It is the case that no discounts were applied to senior bonds, which raises the question as to whether the State could have reduced the bill for the banks by excluding senior bonds from the guarantee, either at the beginning or subsequently. The extent to which losses could be imposed on senior bonds of European banks is limited by the legal framework that requires equal treatment of all senior bank creditors, including senior bondholders and depositors. This state of affairs is very different from the US, where senior bonds and depositors can be treated differently.
Notwithstanding these legal issues, what the passage of time has shown is that, in reality, as a member of the euro area, the senior bonds of Irish banks had to be repaid in full, even if there had been no guarantee. At no stage during the crisis would the European authorities, especially the European Central Bank, have countenanced the dishonouring of senior bank bonds. The euro area policy of “No bank failures and no burning of senior bank creditors” has been a constant during the crisis. And as a member of the euro area, Ireland must play by the rules.
>>> A question that is sometimes asked is why Ireland didn’t renege on the guarantee when the true scale of the banking losses became apparent. The reality is that the guarantee was enacted by Ireland’s parliament by a huge majority and reneging on it would have amounted to a declaration that Ireland was a bankrupt state.
The view of the European Central Bank at the time of the introduction of the guarantee was that it was up to governments in each Member State to stabilise their own banking systems. Only in October 2008 could one say that there was the start of a European approach to the crisis. The first summit of the Heads of State of the Eurogroup, which I attended, took place in Paris in the middle of that month. It was only at this stage that there was a sort of common prescription for how to deal with banks in crisis. The prescription included better mechanisms for coordination of policy responses by Member States. There was a belated recognition that up until that point, each Member State had been left to fight its own battles using principally its own resources and that this state of affairs was not satisfactory. In the months that followed, there was a marked step up in the level of activity at a European level, including enhanced regulatory coordination, development of new legislation for banks, and better systems for communication in relation to distressed banks.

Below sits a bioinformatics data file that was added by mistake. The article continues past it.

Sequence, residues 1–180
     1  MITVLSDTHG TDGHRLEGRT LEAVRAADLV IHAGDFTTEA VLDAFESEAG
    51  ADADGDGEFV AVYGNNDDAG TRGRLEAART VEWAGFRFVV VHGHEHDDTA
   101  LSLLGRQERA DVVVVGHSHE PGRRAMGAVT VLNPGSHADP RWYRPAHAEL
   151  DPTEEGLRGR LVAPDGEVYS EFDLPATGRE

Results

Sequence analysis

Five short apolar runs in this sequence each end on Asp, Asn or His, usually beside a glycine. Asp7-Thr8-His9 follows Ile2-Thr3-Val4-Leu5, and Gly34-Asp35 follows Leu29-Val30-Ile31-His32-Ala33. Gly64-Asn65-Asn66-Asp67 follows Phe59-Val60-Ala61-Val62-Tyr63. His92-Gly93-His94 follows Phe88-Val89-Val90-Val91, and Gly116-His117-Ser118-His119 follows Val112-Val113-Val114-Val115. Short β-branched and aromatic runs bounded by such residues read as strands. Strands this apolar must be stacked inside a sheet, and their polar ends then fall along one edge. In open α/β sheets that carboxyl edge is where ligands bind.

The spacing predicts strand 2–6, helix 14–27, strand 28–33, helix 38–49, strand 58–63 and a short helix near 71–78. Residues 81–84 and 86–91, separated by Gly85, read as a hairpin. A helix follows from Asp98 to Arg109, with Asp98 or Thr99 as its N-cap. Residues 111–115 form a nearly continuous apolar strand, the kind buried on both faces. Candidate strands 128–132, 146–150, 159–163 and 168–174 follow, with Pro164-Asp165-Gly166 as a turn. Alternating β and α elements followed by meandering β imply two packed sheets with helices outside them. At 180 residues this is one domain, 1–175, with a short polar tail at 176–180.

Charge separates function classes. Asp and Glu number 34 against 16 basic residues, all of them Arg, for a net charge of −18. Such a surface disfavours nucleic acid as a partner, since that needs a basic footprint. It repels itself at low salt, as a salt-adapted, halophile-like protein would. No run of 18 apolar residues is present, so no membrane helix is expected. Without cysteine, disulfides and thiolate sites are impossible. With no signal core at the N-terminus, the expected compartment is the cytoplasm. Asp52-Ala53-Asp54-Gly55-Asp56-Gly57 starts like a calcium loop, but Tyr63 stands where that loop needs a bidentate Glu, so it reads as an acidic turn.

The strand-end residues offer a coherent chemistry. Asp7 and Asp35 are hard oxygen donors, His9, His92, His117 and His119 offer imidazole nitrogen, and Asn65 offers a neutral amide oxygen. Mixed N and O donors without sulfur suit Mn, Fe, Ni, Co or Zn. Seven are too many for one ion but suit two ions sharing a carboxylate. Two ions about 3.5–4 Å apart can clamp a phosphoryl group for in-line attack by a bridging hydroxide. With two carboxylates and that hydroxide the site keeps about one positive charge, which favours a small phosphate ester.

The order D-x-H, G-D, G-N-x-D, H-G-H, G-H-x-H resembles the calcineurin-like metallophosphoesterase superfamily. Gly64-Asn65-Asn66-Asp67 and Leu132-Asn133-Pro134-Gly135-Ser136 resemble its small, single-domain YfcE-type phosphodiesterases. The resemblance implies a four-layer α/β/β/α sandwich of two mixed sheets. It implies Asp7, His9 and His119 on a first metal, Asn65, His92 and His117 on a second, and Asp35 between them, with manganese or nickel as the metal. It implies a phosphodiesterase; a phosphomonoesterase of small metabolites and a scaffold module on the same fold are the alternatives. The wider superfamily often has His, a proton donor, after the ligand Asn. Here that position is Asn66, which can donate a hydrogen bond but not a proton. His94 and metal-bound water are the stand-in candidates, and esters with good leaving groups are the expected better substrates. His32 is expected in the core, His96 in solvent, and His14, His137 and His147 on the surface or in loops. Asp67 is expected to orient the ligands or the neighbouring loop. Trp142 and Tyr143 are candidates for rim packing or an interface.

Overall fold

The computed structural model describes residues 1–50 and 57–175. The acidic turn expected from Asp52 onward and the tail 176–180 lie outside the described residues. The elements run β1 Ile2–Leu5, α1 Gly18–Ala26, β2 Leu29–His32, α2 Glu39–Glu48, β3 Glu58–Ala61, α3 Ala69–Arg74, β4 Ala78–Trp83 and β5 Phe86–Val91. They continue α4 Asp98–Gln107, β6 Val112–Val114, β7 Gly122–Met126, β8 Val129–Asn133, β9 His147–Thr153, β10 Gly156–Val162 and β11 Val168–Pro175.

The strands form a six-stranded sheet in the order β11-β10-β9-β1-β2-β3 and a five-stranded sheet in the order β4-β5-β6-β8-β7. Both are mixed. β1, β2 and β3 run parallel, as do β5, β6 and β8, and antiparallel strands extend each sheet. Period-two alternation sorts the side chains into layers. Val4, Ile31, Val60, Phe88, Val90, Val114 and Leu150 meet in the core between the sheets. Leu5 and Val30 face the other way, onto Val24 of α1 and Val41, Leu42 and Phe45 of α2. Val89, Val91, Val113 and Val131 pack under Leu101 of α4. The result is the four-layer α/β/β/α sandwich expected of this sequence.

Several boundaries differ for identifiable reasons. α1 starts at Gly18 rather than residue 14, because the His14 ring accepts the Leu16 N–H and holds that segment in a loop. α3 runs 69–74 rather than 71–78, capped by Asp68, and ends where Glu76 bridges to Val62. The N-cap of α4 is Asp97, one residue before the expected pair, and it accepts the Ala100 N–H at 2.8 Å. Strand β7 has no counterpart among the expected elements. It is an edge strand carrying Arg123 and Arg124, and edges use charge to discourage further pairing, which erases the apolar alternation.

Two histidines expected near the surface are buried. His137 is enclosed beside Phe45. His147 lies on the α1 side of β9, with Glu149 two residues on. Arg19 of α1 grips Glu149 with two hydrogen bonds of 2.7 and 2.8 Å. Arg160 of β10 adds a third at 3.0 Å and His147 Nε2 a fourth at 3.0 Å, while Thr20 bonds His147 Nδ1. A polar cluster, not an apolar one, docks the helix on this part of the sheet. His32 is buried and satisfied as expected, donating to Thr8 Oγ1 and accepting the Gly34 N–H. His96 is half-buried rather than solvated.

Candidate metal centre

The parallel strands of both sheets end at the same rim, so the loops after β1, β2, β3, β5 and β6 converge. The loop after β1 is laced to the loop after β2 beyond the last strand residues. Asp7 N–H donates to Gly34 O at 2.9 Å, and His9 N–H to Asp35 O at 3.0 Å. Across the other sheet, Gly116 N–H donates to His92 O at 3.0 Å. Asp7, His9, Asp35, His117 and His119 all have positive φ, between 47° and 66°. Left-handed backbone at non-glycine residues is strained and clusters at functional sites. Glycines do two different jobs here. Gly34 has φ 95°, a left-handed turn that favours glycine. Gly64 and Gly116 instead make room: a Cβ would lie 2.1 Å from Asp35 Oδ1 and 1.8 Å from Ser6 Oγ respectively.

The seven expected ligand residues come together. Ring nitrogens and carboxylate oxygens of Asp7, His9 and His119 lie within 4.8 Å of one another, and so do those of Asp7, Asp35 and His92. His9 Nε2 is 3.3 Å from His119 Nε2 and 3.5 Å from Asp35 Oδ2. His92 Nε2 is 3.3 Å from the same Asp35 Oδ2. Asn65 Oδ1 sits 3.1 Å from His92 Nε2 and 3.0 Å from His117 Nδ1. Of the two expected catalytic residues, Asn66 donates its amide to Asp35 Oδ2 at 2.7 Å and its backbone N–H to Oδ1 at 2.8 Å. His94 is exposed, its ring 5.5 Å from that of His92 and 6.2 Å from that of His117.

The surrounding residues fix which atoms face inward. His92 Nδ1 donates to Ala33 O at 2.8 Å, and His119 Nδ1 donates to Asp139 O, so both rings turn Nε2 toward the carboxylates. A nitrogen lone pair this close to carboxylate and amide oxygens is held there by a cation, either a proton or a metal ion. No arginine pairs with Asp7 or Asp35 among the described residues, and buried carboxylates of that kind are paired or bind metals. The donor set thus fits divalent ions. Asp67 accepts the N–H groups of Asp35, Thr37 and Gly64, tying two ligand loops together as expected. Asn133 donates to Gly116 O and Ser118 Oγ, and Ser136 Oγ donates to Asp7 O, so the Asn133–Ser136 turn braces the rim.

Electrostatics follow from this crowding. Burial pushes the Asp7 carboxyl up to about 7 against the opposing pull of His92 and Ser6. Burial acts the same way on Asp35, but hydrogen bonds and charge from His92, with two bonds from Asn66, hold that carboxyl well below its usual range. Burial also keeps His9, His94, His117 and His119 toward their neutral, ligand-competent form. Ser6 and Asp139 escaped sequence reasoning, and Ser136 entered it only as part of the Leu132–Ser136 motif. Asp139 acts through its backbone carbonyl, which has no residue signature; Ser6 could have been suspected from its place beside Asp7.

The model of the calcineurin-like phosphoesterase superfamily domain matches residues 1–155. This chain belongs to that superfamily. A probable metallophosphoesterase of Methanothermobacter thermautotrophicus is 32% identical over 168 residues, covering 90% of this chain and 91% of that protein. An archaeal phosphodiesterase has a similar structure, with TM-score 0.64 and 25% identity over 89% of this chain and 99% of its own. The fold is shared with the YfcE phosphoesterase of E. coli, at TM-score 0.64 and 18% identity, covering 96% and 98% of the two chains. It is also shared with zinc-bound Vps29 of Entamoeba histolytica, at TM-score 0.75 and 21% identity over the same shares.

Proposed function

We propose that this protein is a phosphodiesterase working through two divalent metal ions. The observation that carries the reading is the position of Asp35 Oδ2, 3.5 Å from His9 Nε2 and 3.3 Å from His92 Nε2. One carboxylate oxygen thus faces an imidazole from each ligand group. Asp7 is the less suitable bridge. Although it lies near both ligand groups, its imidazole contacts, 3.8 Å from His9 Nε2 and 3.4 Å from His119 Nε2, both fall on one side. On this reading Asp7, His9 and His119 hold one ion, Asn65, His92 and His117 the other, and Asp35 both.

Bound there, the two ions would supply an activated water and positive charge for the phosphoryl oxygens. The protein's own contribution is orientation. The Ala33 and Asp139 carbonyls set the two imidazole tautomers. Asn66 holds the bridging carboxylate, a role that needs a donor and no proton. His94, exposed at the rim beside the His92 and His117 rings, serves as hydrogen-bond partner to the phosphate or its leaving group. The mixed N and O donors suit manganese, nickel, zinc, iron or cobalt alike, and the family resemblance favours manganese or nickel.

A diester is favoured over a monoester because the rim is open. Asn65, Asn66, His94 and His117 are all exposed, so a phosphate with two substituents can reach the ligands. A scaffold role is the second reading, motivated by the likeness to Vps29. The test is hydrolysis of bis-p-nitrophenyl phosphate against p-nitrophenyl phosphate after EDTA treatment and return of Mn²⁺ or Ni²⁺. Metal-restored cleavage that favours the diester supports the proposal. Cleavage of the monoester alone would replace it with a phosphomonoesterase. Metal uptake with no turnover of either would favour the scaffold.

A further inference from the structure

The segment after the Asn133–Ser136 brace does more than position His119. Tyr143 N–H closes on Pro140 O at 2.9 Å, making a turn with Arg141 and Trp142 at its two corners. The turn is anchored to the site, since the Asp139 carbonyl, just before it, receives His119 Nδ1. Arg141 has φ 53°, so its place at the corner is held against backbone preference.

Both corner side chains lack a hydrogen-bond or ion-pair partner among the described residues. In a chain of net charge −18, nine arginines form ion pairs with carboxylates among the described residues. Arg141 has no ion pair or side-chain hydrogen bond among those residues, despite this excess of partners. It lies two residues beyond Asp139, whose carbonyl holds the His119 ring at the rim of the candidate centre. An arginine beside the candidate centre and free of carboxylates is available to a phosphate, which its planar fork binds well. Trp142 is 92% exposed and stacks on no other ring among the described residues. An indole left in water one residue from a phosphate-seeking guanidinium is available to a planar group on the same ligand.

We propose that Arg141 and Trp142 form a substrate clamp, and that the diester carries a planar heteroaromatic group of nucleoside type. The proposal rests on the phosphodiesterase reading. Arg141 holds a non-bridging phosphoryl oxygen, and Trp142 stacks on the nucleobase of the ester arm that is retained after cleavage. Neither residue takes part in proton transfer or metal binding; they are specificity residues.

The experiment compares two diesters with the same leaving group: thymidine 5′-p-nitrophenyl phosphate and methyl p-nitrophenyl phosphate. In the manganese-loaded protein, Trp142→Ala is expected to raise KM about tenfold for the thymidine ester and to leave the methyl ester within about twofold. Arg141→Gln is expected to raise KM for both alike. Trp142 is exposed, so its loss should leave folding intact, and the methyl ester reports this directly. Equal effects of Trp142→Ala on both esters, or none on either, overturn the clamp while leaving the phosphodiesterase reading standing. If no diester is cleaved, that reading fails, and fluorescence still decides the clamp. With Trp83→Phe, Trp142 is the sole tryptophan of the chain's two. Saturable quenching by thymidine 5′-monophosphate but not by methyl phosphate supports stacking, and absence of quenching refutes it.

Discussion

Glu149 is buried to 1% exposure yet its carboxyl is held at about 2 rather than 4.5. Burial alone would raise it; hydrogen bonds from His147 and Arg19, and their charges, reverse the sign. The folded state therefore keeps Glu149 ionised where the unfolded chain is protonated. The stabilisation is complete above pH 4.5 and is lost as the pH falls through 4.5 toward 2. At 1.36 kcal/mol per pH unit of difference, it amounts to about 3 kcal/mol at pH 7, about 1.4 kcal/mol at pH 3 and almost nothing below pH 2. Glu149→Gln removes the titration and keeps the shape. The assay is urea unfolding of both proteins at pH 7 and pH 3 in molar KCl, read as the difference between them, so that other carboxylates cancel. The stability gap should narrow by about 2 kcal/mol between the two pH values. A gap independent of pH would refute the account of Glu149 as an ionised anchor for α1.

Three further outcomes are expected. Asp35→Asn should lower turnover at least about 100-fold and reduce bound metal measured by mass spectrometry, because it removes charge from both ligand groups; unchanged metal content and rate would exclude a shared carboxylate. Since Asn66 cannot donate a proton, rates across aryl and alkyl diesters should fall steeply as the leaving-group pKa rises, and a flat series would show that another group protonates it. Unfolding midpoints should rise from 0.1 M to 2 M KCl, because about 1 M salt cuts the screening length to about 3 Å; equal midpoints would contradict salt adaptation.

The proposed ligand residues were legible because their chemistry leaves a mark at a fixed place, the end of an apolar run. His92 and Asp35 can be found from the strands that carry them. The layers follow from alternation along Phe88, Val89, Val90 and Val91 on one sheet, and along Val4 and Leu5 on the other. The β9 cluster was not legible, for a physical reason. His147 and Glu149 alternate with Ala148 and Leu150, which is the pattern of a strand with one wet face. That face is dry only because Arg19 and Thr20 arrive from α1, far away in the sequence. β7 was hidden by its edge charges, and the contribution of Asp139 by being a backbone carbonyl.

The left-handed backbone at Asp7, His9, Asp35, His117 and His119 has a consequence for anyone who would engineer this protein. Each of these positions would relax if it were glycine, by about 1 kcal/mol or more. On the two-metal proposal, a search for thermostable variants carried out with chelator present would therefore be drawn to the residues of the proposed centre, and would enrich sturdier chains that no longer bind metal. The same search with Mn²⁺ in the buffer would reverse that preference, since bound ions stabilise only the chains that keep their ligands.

In Ireland, having given a broad bank guarantee, we turned our attention to banks balance sheets and governance. By the end of 2008 we were developing recapitalisation plans and in 2009 we announced and commenced work on setting up an asset management company, the National Asset Management Agency (NAMA), to clean up bank balance sheets by purchasing from the bank at a discount the most difficult types of loans, mostly development and commercial property. Anglo Irish Bank was nationalised early in the year in January 2009.
Other European countries were looking at similar approaches. In the UK, the approach was to offer insurance to the banks against loans losses, while the German government also adopted a bad bank approach in relation to, for example, assets of Hypo Real Estate.
For us, despite enormous efforts and a heavy commitment of taxpayer money, it was hard to get ahead of the banking problems. There was a cycle of falling property prices adversely affecting banks’ balance sheets, leading to greater demand for capital. But we did seem to be making progress, and markets seemed to be turning our way, at last, in the spring of 2010